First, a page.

I Don’t Want to do Christmas Without Them!

Dec. 21 pic

I Don’t Want to do Christmas Without Them!

Your deceased loved one is not here anymore. There is a huge hole in your heart and your family. Your memories aren’t enough to give you comfort and the holiday music grates on your nerves and makes you want to run away to a faraway place where pain and suffering are no longer your traveling companions. With every breath, you take you just want it to be different.

Avoiding and running away from the holidays, while tempting, won’t get you the relief you are searching for nor will it get you through your holiday grief. You will be going through the holiday one way or another, so why not be intentional about your grief this holiday season. Here are 10 tips to help get you through.

1. Plan Ahead

Give everyone time to come up with their own ideas and ways to honor their lost person on Christmas day and incorporate those as new traditions in your celebrations.

2. Be intentional

Let every one that will be part of your Christmas festivities know how you plan to honor your loved one during the season and make new memories that include your loved one in the events of the day.

3. Invite Others to Participate

Whether you are lighting a candle in their memory or hanging the deceased persons stocking on the mantle, invite others to be a part of these new traditions

4. Buy the Gift

You can donate the gift to someone else in need in honor of your loved one.

5. Fill their Stocking

Write memories. Write a card or a letter to the person. Write what you remember about past Christmas’s with them. Write what you liked about them. Write … and put it in their stocking and be intentional about creating a time in the day to read through the memories by reading them out loud.

6. Accept Your Limitations

It is hard, and that’s ok. It is ok to allow yourself some time to just grieve during the day. You never know who you might be giving permission to cry with you when you do.

7. Set a Place For Them At The Table

They are not physically present with you but their life and their connections to you are. Include them. You just might host an angel at dinner.

8. Eat Their Favorite Foods

It is ok to take joy in celebrating what they enjoyed about Christmas and the holidays. Honor them with the things they loved… Gramma’s stuffing or Dad’s gravy perhaps?

9. Make a Gift Box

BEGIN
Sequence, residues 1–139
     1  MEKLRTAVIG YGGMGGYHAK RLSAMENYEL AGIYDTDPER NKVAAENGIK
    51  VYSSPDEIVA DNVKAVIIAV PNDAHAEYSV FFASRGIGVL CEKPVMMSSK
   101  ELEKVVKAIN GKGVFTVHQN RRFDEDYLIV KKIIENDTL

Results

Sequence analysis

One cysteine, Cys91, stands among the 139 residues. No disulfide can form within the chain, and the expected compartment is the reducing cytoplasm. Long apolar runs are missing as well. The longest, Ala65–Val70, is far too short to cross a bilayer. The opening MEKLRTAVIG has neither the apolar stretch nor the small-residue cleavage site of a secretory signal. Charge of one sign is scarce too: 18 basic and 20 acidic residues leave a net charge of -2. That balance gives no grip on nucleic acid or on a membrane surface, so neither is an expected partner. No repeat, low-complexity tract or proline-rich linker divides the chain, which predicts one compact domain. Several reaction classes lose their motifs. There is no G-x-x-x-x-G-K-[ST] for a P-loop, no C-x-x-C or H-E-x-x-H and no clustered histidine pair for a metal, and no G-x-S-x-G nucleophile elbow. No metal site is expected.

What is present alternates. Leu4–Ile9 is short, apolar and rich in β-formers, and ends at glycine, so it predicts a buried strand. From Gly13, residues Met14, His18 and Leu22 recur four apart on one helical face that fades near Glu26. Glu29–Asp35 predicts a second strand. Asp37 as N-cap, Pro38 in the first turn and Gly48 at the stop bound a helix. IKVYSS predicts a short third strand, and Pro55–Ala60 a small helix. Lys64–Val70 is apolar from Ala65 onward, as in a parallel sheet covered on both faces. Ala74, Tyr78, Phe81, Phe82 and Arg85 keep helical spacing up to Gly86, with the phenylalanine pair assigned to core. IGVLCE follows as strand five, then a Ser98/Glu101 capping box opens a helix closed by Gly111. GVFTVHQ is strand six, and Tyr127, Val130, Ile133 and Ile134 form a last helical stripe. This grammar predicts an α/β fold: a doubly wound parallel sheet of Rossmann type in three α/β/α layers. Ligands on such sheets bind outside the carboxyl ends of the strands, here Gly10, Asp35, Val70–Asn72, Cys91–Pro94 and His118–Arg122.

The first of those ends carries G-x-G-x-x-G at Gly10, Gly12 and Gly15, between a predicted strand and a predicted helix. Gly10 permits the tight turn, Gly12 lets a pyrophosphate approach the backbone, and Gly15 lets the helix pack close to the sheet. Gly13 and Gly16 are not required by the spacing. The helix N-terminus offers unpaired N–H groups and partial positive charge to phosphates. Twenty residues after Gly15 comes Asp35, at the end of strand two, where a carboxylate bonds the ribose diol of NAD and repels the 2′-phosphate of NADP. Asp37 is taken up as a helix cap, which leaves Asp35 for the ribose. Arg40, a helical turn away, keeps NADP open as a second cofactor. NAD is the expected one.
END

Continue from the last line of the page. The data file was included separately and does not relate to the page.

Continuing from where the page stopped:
People love to share with each other the things that they remember. Create a place for this to happen. Put note pads, cards, etc., and pens and pencils out for people to write private messages and notes, memories, plans, etc. that their family can enjoy together later.

10. Find Time to Rest

Ask for help, delegate chores tasks, meal preparations, gift buying, etc. Accept you will have limitations while you are grieving. Make a list of tasks that you want to have this Christmas and let the rest go… don’t let other people or past traditions dictate to you what you should do this year. Give yourself permission to allow others to do things for you. It is their way of showing you how much they love you and what to honor your grief. It is a gift!

We are in the season of giving and serving others. Let them serve you and allow yourself the pleasure of celebrating different feelings and preferences that others can bring into this season. Let the children heal your grief. Look through their eyes this season and include them in your intentional plans. Simplify and just enjoy where you are at in the moment. You can be sad and find joy at the same time. You can be grieving and still find peaceful moments. You can be angry at the loss and still enjoy Christmas through the eyes and laughter of a child. Remember the reason we celebrate Christmas as joyous moments through suffering! Born in a stable, no room for him anywhere, yet he was surrounded by love and acceptance of his family and friends.

Written by Kimberly Talmey

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